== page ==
# How to Solve the Trigonometric Equation 6*Sin^2(x) - 3*Sin^2(2x) + Cos^2(x) = 0?

• MHB
• Igor1
In summary: Yes, factoring works here, and we can write:\left(4\sin^2(x)-1\right)\left(3\sin^2(x)-1\right)=0Let's next equate each factor to zero to solve for $x$:1.) 4\sin^2(x)-1=0\sin^2(x)=\frac{1}{4}\sin(x)=\pm\frac{1}{2}From this we determine:x=k\pi\pm\frac{\pi}{6}=\frac{\pi}{6}\left(6k\pm1\right) where
Igor1
Good day :)!

6*Sin^2(x) - 3*Sin^2(2x) + Cos^2(x) = 0

To be honest, I do not know what is the first steps to start with.

5*Sin^2(x) + Sin^2(x) + Cos^2(x) - 3*Sin^2(2x) = 0

1 + 5*Sin^2(x) - 3*Sin^2(2x) = 0

but from this point I do not see the next steps to be taken.

Igor said:
Good day :)!

6*Sin^2(x) - 3*Sin^2(2x) + Cos^2(x) = 0

To be honest, I do not know what is the first steps to start with.

5*Sin^2(x) + Sin^2(x) + Cos^2(x) - 3*Sin^2(2x) = 0

1 + 5*Sin^2(x) - 3*Sin^2(2x) = 0

but from this point I do not see the next steps to be taken.

Hello and welcome to MHB, Igor! (Wave)

Before we proceed, are you sure the equation isn't the following:

$$\displaystyle 6\sin^2(x)-3\sin(x)+\cos^2(x)=0$$ ?

The reason I ask, is that it seems odd that the equation would be given with like terms not combined already. :D

edit: Oops...now I see I was mistaken...so let's proceed:

$$\displaystyle 6\sin^2(x)-3\sin^2(2x)+\cos^2(x)=0$$

The first thing I would do is use the double-angle identity to write:

$$\displaystyle 6\sin^2(x)-3\left(2\sin(x)\cos(x)\right)^2+\cos^2(x)=0$$

$$\displaystyle 6\sin^2(x)-12\sin^2(x)\cos^2(x)+\cos^2(x)=0$$

Now, at this point, we have a choice whether we want to convert the sines to cosines or the cosines to sines using a Pythagorean identity...which way would you choose?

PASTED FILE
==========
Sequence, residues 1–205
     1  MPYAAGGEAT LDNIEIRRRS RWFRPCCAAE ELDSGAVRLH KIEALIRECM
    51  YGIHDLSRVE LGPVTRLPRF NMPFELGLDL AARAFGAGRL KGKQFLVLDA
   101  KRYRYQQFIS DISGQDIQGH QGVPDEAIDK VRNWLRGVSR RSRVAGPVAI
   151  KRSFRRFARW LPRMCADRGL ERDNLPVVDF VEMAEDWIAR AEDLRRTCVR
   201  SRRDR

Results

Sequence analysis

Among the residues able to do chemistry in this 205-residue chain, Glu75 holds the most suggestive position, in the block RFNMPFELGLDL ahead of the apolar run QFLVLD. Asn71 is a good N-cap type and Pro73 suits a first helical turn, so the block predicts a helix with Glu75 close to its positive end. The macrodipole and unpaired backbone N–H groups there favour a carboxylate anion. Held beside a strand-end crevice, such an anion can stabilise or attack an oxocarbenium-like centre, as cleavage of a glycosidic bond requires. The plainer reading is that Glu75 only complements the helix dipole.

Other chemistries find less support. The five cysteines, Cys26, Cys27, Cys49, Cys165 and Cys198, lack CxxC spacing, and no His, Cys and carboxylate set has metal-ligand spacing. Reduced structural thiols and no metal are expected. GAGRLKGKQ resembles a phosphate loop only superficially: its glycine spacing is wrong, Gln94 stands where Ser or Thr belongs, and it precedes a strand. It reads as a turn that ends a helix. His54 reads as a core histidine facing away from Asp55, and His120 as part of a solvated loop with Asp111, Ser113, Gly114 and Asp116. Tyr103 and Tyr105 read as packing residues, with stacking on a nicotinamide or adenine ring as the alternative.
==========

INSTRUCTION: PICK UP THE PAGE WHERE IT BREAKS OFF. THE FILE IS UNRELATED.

MarkFL said:
Now, at this point, we have a choice whether we want to convert the sines to cosines or the cosines to sines using a Pythagorean identity...which way would you choose?

Please let me some time to think about it. I first glance I would choose to convert the cosines to sines...

Igor said:
Please let me some time to think about it. I first glance I would choose to convert the cosines to sines...

Either choice is fine, and I would also choose to convert cosines to sines...so let's do that:

$$\displaystyle 6\sin^2(x)-12\sin^2(x)\left(1-\sin^2(x)\right)+\left(1-\sin^2(x)\right)=0$$

Distribute:

$$\displaystyle 6\sin^2(x)-12\sin^2(x)+12\sin^4(x)+1-\sin^2(x)=0$$

Combine like terms:

$$\displaystyle 12\sin^4(x)-7\sin^2(x)+1=0$$

Okay, now we have a quadratic in $\sin^2(x)$...can we factor?

MarkFL said:
Either choice is fine, and I would also choose to convert cosines to sines...so let's do that:

$$\displaystyle 6\sin^2(x)-12\sin^2(x)\left(1-\sin^2(x)\right)+\left(1-\sin^2(x)\right)=0$$

Distribute:

$$\displaystyle 6\sin^2(x)-12\sin^2(x)+12\sin^4(x)+1-\sin^2(x)=0$$

Combine like terms:

$$\displaystyle 12\sin^4(x)-7\sin^2(x)+1=0$$

Okay, now we have a quadratic in $\sin^2(x)$...can we factor?

Thank you a lot I am to slow to respond...

I got the solution:

x1 = 0.6154 +/- 2Pi and 0.5335 +/- 2Pi

the factors for the quadratic equation 1/3 and 1/4.

Thank you very much for your help!:)

Igor said:
Thank you a lot I am to slow to respond...

I got the solution:

x1 = 0.6154 +/- 2Pi and 0.5335 +/- 2Pi

the factors for the quadratic equation 1/3 and 1/4.

Thank you very much for your help!:)

Here is what I did further:

$$\displaystyle \sin^2(x)=y$$

$$\displaystyle 12y^2-7y+1=0$$

If we factorize this equation we get:

$$\displaystyle 12y^2-7y+1=(3y-1)(4y-1)$$

$$\displaystyle y=1/3$$ and $$\displaystyle y=1/4$$

Further: